Published in the La Venia News on July 24, 2014

Quirky, Weird and Wonderful - Carhenge


    For almost two years now, Everyday Journeys has taken you to places within a day’s drive from LaVernia including historical sites, forests and state parks, museums, and fun places to visit. This is about a place just a little bit farther away. We recently traveled to Western Nebraska and found some unique places that we want to share with you.

Everyday Journeys

    Harry and Linda kaye Perez

    Everyone has heard of Stonehenge - that mystical, and some say magical, place near Salisbury, England. It is one of the most recognizable sites in the world. Stonehenge is the remains of a ring of standing stones thought to be a temple made for the worship of ancient deities, or an astronomical observatory for marking significant events on the prehistoric calendar, or perhaps a sacred burial site. No one knows for sure. But, have you ever heard of Carhenge?

     Located just four miles north of Alliance, Nebraska, Carhenge was formed from 38 vintage American automobiles, painted gray to replicate Stonehenge. It was the brainchild of Jim Reinders. When Jim’s father passed away in 1982, he wanted to do something special in memory of him. As a geologist, he had studied the structure, design, and purpose of Stonehenge while living in the south of England years ago. He got the family together and concocted this memorial as a tribute to his father. It took five years from conception to completion and during the 1987 summer solstice, Carhenge was dedicated and opened to the public.


 Ten years later, Reinders donated Carhenge and the 10 acres around it to the Friends of Carhenge, a nonprofit group that had been formed to continue the operation of this unique tourist attraction. On October 1, 2013, Friends of Carhenge gifted the site to the citizens of Alliance. No admission has ever been charged and visitors are encouraged to walk up and touch it (unlike Stonehenge, where only a chosen few can get up close and personal).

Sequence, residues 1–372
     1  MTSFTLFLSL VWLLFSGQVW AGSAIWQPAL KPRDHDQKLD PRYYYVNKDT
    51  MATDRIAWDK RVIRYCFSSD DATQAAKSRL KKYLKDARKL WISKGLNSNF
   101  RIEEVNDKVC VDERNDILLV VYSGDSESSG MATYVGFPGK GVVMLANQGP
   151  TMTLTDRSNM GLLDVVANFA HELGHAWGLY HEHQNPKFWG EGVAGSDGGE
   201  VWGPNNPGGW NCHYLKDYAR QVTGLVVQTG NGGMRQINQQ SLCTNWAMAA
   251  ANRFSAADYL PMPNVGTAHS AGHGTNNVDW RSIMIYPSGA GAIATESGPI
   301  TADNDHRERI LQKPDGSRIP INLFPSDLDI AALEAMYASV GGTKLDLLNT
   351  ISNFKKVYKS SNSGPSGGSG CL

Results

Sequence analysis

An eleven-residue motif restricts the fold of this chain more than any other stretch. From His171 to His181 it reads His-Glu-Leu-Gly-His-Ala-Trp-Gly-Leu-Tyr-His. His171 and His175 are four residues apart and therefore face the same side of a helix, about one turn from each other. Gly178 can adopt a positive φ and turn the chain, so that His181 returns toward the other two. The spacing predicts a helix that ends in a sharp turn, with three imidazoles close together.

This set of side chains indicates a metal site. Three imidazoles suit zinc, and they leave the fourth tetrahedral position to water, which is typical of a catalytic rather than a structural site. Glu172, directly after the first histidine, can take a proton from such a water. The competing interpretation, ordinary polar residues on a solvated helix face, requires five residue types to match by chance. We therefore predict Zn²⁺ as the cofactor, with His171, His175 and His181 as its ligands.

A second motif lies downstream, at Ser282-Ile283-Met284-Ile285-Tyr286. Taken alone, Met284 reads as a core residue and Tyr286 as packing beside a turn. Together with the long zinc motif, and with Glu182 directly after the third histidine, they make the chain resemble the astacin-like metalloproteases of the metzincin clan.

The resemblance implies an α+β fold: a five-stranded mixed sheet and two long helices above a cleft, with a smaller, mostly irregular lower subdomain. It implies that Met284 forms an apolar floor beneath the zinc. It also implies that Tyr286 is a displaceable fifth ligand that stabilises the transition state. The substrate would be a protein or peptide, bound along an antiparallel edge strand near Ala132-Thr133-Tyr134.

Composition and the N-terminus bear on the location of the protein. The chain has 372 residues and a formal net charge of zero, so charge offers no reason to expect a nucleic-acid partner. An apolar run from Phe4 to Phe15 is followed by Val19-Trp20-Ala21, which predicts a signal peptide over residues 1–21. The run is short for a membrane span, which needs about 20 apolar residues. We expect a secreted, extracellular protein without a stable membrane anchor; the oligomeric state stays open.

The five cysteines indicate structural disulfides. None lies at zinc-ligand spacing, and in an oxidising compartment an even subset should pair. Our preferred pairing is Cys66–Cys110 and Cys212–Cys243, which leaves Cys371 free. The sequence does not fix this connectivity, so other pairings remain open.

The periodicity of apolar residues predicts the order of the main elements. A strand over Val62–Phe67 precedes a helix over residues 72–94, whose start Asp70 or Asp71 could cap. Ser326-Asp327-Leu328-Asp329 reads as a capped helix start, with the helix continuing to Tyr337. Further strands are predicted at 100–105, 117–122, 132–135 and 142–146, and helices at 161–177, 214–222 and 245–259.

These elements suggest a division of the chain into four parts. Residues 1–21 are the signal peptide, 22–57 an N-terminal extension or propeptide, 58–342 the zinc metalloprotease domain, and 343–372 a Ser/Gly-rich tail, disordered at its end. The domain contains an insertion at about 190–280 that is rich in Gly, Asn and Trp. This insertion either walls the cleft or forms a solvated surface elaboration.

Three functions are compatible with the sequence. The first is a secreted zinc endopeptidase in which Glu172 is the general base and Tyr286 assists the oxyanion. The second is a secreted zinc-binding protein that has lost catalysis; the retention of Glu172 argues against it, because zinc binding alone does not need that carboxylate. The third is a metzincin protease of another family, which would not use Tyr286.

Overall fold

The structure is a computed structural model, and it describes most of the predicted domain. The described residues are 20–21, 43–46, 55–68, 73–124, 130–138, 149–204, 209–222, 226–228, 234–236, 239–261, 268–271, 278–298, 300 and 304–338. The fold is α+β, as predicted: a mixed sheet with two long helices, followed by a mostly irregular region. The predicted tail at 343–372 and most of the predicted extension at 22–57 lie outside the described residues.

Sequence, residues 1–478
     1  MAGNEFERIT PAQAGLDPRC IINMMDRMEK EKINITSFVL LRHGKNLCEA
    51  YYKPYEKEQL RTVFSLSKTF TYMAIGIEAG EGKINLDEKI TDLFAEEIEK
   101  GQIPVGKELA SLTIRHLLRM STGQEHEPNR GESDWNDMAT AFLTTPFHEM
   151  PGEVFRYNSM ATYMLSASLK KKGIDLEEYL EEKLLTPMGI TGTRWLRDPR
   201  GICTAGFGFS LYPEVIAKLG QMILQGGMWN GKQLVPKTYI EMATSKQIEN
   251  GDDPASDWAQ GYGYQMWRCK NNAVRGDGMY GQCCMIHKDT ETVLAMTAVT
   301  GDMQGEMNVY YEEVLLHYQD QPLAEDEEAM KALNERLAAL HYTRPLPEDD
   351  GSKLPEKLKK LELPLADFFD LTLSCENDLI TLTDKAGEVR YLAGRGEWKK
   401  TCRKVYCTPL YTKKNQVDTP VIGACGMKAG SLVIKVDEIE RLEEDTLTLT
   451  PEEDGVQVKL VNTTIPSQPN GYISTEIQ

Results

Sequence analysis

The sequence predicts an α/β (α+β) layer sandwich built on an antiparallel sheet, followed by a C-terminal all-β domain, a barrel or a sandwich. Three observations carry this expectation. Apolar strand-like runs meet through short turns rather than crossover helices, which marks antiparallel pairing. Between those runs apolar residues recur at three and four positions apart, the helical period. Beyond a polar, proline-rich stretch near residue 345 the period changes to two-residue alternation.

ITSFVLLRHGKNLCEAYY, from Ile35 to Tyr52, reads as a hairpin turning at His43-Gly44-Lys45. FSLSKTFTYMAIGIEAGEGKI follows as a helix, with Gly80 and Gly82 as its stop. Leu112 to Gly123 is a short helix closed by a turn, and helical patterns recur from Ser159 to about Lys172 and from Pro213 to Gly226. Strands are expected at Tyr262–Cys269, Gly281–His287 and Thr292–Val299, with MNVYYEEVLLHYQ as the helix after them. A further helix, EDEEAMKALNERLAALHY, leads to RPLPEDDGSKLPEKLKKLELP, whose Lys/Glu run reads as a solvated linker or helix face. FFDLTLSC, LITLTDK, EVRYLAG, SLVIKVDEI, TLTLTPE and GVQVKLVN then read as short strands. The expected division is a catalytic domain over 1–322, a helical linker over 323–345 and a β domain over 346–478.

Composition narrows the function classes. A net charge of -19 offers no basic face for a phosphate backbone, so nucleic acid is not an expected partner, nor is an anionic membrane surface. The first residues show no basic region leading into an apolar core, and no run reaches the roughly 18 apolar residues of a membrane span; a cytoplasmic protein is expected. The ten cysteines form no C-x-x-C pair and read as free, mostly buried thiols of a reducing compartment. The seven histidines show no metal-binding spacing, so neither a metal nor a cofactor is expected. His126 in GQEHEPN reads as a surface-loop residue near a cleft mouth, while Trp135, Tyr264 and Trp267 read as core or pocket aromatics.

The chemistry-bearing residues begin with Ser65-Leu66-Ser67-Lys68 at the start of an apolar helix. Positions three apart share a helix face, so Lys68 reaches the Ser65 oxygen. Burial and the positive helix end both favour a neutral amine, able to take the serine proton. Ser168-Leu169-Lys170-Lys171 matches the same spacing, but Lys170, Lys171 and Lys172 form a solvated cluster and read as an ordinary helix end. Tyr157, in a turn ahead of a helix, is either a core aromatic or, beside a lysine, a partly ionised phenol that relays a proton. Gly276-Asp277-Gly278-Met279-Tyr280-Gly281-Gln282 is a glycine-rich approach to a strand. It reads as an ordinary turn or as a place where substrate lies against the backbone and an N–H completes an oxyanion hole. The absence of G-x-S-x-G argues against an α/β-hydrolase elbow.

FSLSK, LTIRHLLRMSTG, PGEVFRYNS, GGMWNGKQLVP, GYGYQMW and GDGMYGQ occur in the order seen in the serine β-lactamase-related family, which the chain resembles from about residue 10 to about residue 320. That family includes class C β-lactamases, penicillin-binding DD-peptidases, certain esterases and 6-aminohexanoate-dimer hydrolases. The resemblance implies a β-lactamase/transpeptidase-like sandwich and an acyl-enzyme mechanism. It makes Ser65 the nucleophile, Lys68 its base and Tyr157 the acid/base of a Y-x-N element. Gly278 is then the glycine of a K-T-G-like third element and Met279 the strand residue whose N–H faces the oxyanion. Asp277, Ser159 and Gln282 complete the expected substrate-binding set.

An estimated 80,000 tourists visit this attraction each year, many on their way to South Dakota’s Black Hills and Mount Rushmore, but many come from as far away as Canada, England, Germany, France, and Italy, as evidenced by the Log Book that visitors are encouraged to sign. In the June 2014 edition of USA Today, Carhenge was named as one of the Top Three Quirky Landmarks in America.

    Over the years, additional sculptures have been erected at this site, which is now officially known as the Car Art Reserve. One of the first art additions was a sculpture of a spawning salmon created by 29 year-old Canadian Geoff Sandhurst, who won a $2,500 prize and the permanent placement of his creation at the Reserve.

   For those of you who might be a connoisseur of lunar and solar events, mark your calendar. On August 21, 2017, Carhenge will be in the direct path of the total solar eclipse at 10:49 am (mountain time).

Trail Boss-Boot Hill

    The next stop on our adventure was the “Cowboy Capital” of Nebraska - Ogallala. Many Texans will remember this name; it was the end of the trail for many cattle drives from this area. It is estimated that over a million cattle came up the Texas Trail between 1870 and 1885. Sitting atop Boot Hill, right in the heart of Ogallala, is a magnificent bronze statute entitled “The Trail Boss.” The cowboy, sitting on his horse, appears to be looking back toward Texas.

Carhenge-in the Sunshine

     Fine out More

Ogallala-Keith County Chamber of Commerce

 Nebraska Tourism Commission




   © Harry Perez 2012